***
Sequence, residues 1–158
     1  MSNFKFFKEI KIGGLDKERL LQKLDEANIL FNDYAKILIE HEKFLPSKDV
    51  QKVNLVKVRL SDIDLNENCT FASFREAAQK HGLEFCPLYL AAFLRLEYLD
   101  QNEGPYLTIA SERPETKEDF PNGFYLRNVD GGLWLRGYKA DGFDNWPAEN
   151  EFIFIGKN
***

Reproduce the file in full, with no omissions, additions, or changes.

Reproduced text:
Sequence, residues 1–158
     1  MSNFKFFKEI KIGGLDKERL LQKLDEANIL FNDYAKILIE HEKFLPSKDV
    51  QKVNLVKVRL SDIDLNENCT FASFREAAQK HGLEFCPLYL AAFLRLEYLD
   101  QNEGPYLTIA SERPETKEDF PNGFYLRNVD GGLWLRGYKA DGFDNWPAEN
   151  EFIFIGKN